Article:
"Let us remember: One book, one pen, one child, and one teacher can change the world." -Malala Yousafzai
The Giving Tree is one of my favorite children's books of all time. Yes, it is a bit sad, but I think it's important to recognize the way a book can make us feel, even if it is a feeling of sadness. The important thing to focus on with this book is the trees act of selflessness. The story follows a boy from childhood to adulthood as he visits the tree throughout different stages of his life. At each stage the boy wants something and the tree continues to give pieces of herself to the boy because it makes her happy. In the end, when the boy is an old man, he no longer wants anything tangible, but simply a quiet place to rest. That is when the tree offers him her stump. And the tree is happy.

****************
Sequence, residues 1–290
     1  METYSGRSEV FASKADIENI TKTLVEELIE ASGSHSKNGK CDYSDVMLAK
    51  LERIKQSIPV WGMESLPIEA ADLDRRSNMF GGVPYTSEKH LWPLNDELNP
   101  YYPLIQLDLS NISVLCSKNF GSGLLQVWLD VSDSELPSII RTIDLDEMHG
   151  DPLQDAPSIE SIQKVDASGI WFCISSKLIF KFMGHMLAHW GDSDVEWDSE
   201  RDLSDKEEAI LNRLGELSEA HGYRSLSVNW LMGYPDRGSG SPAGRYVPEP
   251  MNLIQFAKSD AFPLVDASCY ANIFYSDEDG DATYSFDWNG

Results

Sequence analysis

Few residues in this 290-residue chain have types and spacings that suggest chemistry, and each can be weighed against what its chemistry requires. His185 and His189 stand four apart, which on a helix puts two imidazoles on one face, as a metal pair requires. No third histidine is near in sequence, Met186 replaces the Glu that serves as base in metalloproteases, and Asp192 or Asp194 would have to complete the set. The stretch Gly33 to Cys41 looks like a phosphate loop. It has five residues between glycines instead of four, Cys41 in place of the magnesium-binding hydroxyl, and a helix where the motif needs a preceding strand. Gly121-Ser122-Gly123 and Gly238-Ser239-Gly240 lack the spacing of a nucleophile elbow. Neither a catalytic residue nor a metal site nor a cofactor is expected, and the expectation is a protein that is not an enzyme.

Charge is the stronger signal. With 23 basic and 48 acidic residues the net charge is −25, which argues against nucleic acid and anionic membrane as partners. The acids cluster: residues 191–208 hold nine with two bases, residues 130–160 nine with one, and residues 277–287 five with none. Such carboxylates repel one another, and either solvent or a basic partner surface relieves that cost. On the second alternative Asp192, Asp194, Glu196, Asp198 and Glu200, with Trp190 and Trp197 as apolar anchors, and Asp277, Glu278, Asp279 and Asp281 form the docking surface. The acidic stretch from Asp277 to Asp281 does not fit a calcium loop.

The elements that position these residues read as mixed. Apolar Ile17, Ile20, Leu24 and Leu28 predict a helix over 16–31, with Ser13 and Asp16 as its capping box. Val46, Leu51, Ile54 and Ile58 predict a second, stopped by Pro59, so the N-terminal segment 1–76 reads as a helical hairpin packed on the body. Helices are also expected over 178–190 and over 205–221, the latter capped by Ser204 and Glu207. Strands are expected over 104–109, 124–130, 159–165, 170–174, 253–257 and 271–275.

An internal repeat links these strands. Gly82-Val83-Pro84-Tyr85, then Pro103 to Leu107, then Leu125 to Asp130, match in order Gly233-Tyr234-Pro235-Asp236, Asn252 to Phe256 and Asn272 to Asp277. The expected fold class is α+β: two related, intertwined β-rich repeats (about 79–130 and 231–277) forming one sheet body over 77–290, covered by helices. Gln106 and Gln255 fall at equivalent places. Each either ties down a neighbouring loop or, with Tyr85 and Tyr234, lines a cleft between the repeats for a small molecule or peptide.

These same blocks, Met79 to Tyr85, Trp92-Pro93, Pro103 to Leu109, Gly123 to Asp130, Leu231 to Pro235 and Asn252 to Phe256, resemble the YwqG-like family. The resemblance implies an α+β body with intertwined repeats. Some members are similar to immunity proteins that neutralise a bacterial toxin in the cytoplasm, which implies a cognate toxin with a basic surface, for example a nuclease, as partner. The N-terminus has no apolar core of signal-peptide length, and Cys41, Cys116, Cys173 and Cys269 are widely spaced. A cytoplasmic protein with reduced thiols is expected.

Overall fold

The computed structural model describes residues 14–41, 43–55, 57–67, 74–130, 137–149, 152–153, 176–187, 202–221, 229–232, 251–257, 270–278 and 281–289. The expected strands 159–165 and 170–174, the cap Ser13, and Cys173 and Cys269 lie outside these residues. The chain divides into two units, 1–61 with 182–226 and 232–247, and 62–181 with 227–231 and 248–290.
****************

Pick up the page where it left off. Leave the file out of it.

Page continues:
As the story unfolds we learn that the boy takes and takes from the tree without giving back anything in return. I think this is poses the question, "How would you feel if you were the tree?" There are many theories and interpretations of the book, but at its core, I believe the book is a reflection of unconditional love and generosity.
I like the idea of using this book to focus on character education, mainly the act of being kind. After reading this book to my students, I would facilitate a whole group discussion about the ways that the tree exhibited kindness. I would then ask my students, "What are some ways that you can show kindness?" As a matter of fact, this would be a great writing prompt.
Additional lessons using The Giving Tree include:
Lexile Level: 720L